One thing to keep in mind, always, is that children are different from grownups. They do go through what used to be called “phases” and are apt to try out and then quickly discard behaviors as part of their natural development. Another thing to remember is that children are different from one another. The very young ones have many urgent concerns. Sometimes they don’t even realize they have to use the bathroom until it’s embarrassingly too late. They are still getting used to interpreting their bodies’ signals.
No parent should panic because of a single episode of what looks like emotional overeating. But in a general way, and especially with older children and teens, it’s a good idea to keep an eye out for patterns that suggest a child’s hunger might be triggered by emotional distress. These are some signs that could, if they show up often enough, indicate a need for help.
- Hunger that comes on suddenly and can’t wait another minute to be satisfied.
For some reason, emotional hunger seems to hit like that, rather than sneaking up in a progressively insistent way.
- Hunger that will only be satisfied by one particular food, and it’s probably not broccoli.
A craving for donuts or a cheeseburger or any specific foodstuff, especially if it’s sweet and soft, is likely to have an emotional origin.
- Hunger that starts “above the neck.”
As our source expresses it, “An emotionally based craving begins in the mouth and mind.” Real hunger, physical hunger, feels like a gnawing in the stomach, and will be just as happy with a tuna sandwich as with a package of cupcakes.
- Hunger that is paired with an upsetting emotion.
Something bad happened at school or a trip to the mall had to be canceled, and suddenly your child is eating everything in sight. Such an obvious connection is one of the easiest for a parent to spot. In a stressful situation, a parent sometimes feels an impulse like, “Fine, go eat whatever you want, just don’t bug me.” It might be difficult to resist the temptation to take this easy way out. But taking time out for a talk, or suggesting an alternate activity, could pay off big dividends.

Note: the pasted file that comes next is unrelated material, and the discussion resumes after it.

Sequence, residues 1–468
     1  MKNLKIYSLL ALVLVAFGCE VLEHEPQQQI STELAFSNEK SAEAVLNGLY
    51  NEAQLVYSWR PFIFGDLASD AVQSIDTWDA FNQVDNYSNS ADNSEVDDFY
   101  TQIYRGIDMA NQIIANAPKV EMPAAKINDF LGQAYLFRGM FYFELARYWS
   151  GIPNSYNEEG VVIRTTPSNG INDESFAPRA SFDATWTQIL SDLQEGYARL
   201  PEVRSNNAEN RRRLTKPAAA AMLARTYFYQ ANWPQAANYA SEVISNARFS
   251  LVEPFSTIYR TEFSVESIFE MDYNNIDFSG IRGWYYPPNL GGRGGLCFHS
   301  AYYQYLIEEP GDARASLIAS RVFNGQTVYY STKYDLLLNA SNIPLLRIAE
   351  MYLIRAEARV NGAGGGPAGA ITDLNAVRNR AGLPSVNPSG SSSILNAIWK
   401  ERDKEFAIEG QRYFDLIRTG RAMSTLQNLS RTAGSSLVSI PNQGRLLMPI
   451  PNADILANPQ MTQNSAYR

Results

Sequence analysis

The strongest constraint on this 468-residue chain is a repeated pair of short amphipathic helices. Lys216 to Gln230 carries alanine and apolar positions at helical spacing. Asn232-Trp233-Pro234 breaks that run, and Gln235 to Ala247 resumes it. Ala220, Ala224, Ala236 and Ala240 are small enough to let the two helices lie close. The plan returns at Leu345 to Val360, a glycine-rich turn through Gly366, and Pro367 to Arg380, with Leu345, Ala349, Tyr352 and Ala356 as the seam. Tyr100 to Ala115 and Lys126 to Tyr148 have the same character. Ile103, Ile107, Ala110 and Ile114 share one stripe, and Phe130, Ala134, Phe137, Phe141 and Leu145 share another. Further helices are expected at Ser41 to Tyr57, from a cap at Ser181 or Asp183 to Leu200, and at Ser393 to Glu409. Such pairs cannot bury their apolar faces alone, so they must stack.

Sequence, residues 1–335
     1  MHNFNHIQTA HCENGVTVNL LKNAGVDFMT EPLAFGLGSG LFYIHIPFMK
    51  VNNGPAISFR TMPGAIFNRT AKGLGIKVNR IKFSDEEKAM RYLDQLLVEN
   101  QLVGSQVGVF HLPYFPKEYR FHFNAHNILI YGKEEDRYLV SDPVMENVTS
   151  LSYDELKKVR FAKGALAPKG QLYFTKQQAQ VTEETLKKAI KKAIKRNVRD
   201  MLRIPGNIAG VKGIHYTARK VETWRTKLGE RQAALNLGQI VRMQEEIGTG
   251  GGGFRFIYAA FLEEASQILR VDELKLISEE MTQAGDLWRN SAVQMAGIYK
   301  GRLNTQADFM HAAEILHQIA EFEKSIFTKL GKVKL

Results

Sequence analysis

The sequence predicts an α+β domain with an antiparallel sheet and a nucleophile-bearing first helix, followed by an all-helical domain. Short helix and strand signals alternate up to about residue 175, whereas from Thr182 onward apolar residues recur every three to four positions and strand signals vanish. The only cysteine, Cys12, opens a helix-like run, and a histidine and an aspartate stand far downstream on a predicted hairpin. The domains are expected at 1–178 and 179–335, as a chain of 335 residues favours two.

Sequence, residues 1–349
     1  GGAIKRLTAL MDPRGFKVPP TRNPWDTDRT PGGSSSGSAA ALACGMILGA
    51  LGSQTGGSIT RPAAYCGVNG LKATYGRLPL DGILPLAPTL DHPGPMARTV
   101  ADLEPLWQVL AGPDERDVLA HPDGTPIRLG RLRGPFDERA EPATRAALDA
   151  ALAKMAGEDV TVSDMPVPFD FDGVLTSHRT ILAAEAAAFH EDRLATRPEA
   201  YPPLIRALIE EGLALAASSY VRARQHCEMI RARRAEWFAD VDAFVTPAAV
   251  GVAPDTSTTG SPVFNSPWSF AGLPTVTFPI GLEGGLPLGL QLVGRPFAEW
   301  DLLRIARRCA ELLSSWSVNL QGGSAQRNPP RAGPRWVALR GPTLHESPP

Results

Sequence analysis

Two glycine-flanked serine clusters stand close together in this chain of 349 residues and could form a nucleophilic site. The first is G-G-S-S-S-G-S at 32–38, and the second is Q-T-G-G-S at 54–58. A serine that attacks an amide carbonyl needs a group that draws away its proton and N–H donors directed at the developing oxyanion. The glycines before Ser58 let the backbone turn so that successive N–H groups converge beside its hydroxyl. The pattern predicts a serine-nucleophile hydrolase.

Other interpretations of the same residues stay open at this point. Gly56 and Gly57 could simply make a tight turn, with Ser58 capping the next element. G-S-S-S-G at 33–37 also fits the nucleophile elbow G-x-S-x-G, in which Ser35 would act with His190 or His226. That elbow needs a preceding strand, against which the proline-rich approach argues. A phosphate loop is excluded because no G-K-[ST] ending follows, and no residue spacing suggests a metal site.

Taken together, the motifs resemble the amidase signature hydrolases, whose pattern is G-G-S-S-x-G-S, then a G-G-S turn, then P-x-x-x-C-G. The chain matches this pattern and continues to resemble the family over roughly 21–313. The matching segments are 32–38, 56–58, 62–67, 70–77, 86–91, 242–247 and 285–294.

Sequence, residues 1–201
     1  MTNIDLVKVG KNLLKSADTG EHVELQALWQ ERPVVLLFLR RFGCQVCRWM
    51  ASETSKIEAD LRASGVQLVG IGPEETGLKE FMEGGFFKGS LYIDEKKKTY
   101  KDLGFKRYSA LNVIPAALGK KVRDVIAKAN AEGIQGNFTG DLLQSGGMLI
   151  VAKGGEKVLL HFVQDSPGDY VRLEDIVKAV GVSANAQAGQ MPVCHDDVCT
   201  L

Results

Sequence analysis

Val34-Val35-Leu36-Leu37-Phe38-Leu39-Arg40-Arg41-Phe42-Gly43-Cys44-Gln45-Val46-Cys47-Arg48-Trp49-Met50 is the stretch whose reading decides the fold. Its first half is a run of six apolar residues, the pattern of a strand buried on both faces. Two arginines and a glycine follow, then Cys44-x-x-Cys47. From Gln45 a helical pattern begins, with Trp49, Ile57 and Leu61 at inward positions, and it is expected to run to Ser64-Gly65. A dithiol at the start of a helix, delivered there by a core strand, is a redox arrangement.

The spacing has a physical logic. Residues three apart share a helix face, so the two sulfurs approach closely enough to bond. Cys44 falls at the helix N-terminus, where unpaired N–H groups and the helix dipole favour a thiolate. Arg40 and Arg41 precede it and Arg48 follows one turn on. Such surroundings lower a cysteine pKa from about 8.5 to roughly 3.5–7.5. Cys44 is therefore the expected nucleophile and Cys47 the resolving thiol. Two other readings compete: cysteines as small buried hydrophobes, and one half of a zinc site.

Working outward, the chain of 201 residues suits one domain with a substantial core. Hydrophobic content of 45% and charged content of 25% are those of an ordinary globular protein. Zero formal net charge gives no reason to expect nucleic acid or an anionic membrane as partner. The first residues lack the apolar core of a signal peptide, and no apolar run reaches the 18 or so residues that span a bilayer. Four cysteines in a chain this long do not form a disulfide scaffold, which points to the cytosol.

- Hunger that is paired with mechanical behavior.
If a child is watching TV and scooping up handfuls of cereal in an automatic, robot-like fashion, she or he might not even be aware of eating. Absentminded eating — the kind that looks like a machine adding a part to an automotive assembly line — is never healthy.
- Hunger that doesn’t have an “off” switch.
If a child plows through a second or third helping with no sign of slowing down, or even continues to eat despite signs of “too full” discomfort, the overstuffing process just might be an attempt to tamp down feelings that the child thinks can’t be dealt with any other way.
- Hunger despite guilt.
If a child is so conflicted as to feel bad about overeating but keeps doing it anyway, this is a sign of trouble. When a kid feels guilty about pigging out but goes ahead and accepts the trade-off because it buries some other emotion that’s even worse, you’ve got a situation on your hands.
These danger signs are adapted from a chart for adults that was created by Doreen Virtue for her book Constant Craving. Again, do remember that children are not yet fully formed beings and therefore can’t be judged by the same standards as adults. It’s never a good idea for a parent to get all bent out of shape over something that turns out to be nothing. On the other hand, emotional eating can quickly take over a life, and the resulting obesity, undesirable as it might be, is not really the core problem. Emotional eating is a symptom of a deeper problem that needs to be addressed if the whole family is to be healthy.
Your responses and feedback are welcome!
Source: “The Eight Traits of Emotional Hunger,” Ebookbrowsee.net
Image by Dave Parker